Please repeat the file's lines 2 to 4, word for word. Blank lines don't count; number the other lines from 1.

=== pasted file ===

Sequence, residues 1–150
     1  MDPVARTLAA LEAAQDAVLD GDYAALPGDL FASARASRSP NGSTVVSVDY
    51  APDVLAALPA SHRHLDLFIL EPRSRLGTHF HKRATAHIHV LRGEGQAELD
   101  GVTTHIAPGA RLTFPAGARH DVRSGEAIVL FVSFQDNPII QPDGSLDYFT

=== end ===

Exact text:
     1  MDPVARTLAA LEAAQDAVLD GDYAALPGDL FASARASRSP NGSTVVSVDY
    51  APDVLAALPA SHRHLDLFIL EPRSRLGTHF HKRATAHIHV LRGEGQAELD
   101  GVTTHIAPGA RLTFPAGARH DVRSGEAIVL FVSFQDNPII QPDGSLDYFT